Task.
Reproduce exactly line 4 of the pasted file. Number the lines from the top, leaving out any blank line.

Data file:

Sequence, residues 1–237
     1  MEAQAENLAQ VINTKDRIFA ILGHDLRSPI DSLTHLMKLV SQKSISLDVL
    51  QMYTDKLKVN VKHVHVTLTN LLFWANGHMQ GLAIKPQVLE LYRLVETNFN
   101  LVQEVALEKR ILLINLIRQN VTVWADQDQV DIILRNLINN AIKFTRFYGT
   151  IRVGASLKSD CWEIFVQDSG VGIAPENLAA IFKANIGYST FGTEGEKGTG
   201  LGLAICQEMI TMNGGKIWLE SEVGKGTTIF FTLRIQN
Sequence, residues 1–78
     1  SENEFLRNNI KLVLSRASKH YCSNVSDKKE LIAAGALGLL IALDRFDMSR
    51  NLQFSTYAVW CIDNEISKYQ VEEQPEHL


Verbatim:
   101  LVQEVALEKR ILLINLIRQN VTVWADQDQV DIILRNLINN AIKFTRFYGT